If the only incentive to address academics is to keep players eligible, players' welfare in the classroom is going to suffer. Lt. Governor of California Gavin Newsom addressed the issue of academics among the state of California's larger programs, and said as much, voicing his displeasure with the "appalling" graduation rates among the student athletes, particularly the UC Berkley football team's GSR of 48%.
The Golden Bears are currently without an Athletic Director, but the State intends to highlight the future AD's contract with a series of benchmarks similar to that of HC Sonny Dykes': 70% graduation success rate yields a $10,000 bonus, 80% GSR earns $20,000, etc. The Texas Longhorns, whom themselves have boasted a measly 58% GSR at points in the last decade, have outlined a plan to graduate 70% of all athletes by 2016.
So let's take a step back. We are in the middle of a transitional period in which the 65 largest and most profitable football programs are making their own rules. While in the process of this transition, a series of inherent problems with the status quo are being addressed, including playoffs on the field and a distribution of the sport's revenue streams among the athletes.
This is the ideal time to address academic reform as well. However, the incentive plan outlined by the Lt. Governor and implemented at Cal has it backwards. When we're dealing in a world with such a high price tag on success, dangling the carrot will only go so far. It's time to hit ‘em with the stick.
The NCAA's sanctions at USC have served as a warning shot across the bow of all major programs. Even the slightest hindrance in competitive edge can be devastating. The Trojans were reduced from the most consistent national championship contender (82*- 9 from 2002 to 2008), to a slightly above average PAC12 team (44 - 27 from 2009 to 2013).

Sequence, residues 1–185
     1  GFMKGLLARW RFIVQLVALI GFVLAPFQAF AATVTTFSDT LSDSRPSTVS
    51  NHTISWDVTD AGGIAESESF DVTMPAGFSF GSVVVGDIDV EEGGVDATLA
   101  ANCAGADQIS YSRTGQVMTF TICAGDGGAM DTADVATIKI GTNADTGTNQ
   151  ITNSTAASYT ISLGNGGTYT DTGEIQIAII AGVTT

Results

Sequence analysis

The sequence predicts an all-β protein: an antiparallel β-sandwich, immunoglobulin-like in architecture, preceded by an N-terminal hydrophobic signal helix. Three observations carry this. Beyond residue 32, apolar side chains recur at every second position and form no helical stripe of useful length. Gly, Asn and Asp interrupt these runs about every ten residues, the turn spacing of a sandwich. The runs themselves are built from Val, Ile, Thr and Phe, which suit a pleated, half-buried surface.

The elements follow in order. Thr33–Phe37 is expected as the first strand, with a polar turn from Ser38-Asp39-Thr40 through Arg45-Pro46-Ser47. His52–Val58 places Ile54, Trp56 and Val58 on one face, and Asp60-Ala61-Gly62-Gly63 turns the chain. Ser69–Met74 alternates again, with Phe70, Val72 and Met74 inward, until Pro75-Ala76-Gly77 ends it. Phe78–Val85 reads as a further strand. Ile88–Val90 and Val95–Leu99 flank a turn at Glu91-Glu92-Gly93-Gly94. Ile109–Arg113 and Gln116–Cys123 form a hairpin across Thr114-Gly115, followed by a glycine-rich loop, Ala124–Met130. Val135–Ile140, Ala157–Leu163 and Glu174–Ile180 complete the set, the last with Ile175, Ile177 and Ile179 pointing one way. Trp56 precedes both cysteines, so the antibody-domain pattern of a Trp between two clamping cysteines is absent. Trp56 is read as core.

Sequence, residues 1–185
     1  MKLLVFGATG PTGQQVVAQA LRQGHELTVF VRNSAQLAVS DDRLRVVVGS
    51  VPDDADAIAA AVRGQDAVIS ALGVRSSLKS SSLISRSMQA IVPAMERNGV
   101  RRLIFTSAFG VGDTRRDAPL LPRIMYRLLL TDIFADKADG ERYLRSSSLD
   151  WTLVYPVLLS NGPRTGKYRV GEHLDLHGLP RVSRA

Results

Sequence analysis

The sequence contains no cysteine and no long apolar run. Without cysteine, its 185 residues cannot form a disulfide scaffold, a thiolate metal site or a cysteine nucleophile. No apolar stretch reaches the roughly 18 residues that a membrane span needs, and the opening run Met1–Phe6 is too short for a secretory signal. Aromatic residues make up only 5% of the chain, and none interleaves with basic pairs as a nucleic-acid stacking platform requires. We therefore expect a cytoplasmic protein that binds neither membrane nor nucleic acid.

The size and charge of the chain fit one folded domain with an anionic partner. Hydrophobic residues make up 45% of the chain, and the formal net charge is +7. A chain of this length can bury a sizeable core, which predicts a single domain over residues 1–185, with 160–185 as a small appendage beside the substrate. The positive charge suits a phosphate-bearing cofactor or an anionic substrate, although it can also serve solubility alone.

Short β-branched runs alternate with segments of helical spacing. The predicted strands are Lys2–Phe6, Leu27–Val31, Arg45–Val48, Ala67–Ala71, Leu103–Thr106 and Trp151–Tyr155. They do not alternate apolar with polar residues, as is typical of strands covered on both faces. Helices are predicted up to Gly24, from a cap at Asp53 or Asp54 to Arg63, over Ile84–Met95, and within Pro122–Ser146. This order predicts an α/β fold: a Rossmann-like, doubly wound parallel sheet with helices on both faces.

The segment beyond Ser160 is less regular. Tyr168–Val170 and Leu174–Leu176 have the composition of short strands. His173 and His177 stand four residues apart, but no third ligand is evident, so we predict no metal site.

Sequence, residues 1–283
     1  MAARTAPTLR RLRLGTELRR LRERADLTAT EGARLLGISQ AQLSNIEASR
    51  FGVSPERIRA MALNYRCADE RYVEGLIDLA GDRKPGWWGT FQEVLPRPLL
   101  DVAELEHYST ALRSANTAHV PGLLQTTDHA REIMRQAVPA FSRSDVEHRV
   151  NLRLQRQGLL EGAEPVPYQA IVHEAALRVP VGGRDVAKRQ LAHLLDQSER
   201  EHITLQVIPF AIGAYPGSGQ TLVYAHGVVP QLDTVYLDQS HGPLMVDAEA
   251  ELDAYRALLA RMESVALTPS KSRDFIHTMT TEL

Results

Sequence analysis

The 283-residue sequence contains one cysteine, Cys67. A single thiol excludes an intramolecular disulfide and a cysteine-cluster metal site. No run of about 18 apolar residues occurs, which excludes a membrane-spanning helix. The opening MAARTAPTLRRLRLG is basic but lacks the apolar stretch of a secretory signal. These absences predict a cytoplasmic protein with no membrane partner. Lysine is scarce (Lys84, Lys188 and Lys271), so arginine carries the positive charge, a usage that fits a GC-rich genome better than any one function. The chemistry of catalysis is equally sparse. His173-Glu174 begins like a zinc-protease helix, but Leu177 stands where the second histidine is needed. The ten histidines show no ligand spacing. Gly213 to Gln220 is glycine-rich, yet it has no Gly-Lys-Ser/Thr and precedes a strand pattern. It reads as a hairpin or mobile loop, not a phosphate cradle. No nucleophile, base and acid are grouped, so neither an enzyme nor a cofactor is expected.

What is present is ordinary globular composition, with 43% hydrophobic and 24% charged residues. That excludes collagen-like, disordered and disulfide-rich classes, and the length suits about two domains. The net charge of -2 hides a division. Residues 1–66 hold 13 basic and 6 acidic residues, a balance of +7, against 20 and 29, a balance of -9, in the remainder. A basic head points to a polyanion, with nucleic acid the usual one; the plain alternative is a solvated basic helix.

Their failures on the field, bolstered by the sanctions, cost Lane Kiffin his job and have set the program back in stature and prestige. It was USC's high profile and dominance prior to the sanctions that enabled the Trojans to survive the scholarship reduction to the degree of success that they did. Sanctions on scholarships hurt on the scoreboard, hurt coaches, hurt programs, and hurt the school's bottom line.
Propositioning head coaches with $10,000 bonuses as an incentive for academic progress is nice in theory, but exists in reality as a drop in the bucket relative to other compensation. Instead, the Power 5 coalition ought to set a precedent by holding the programs accountable to a benchmarked success rate, subjecting programs to punishment where it matters: on the recruiting trail and ultimately on the scoreboard and in their wallets.
Keep your $10k, Lt. Governor, but tell Sonny Dykes or Jim Mora that if the GSR falls below 70% at any point they'll lose 10 scholarships and will become the next USC - then watch what happens. I'd bet there's a chance academics will stop slipping through the cracks.
And really, wouldn't it be nice if a head coach could sit at the kitchen table across from a recruit's mother and promise a chance to play for the national title, a fair compensation for efforts, and a top rate education.... And actually be telling the truth?